Supporters of the lawsuit said Harvard illegally discriminated against Asian Americans by putting a cap on the number admitted to the university, making it harder for Asian applicants to get in. Its opponents charged that the case was not about Asian Americans at Harvard; rather, they said it was an issue that has been co-opted by conservative activists whose real goal is ending race-conscious admissions policies that give minority students a better shot at attending universities like Harvard. Supporters on both sides charged the other with racism. Legal experts have said SFFA is likely to appeal, and the case is expected to eventually make its way up to the US supreme court, which would give its five-member conservative majority a chance to bar or more strictly limit the use of affirmative action to help minority applicants get into college.
Asian Americans - Wikipedia
As in years past, APA Heritage Month commemorations will include events across the country, highlighting the contributions, culture, history, and challenges faced by Asian Americans and Pacific Islanders. Asian Americans are now the fastest growing racial group in the country , with immigrants from South Asia fueling much of that growth. Indeed, Bangladeshis, Pakistanis, and Indians have nearly doubled their share of the Asian American population, from 14 percent in to 26 percent today. In , news headlines of Asian Americans focused on Korean grocers being robbed in poor, inner-city neighborhoods like Harlem, West Philadelphia, and East Los Angeles. These have been replaced with headlines of Sikhs, Hindus, and Muslims shot, beaten, and killed across the country.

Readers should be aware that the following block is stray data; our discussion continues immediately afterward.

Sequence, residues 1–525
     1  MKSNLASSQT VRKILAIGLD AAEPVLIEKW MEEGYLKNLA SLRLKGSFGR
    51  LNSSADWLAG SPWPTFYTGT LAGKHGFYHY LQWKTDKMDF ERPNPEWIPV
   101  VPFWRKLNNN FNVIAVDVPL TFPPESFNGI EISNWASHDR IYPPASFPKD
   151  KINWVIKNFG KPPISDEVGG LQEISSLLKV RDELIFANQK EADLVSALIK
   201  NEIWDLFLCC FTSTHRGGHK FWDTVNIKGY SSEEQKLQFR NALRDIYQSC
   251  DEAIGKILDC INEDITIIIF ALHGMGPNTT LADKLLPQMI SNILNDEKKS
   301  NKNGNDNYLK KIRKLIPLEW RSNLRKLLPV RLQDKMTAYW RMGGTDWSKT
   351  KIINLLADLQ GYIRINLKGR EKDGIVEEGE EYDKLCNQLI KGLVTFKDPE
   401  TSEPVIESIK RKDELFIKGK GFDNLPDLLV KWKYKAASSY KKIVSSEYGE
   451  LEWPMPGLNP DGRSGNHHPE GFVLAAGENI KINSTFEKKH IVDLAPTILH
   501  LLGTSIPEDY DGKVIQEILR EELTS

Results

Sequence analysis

Ethnic Competition Leads to Violence
During my junior year of high school, my friend Anna invited me on a student trip to New York City. The trip would be focused on a United Nations summit on globalization and peace, organized through a nonprofit foundation called Eracism. However, what transpired on the trip did not erase racism; instead, it managed to erase any remaining shred of confidence I had in my own racial identity. A few days into the trip — during which we visited the tenements of New York City's Lower East Side and met with various religious groups — our group found itself in Chinatown, on the famous Canal Street. While we were waiting to go to our destination, I heard one member of the Eracism group say to another, not in a hushed voice, "Don't tell anyone this, but I don't like Chinese people.
That ugly exclamation rattled the ears of editor Michael Luo who, with family and friends in tow, headed to get lunch at a nearby Korean restaurant on the Upper East Side streets of Manhattan last month. Luo wrote an open letter in the New York Times to the white woman who roared it, telling her how such verbal daggers sever Asian-Americans from their citizenship. We shower sympathy on black and brown people; Asian-Americans experience but a sprinkle.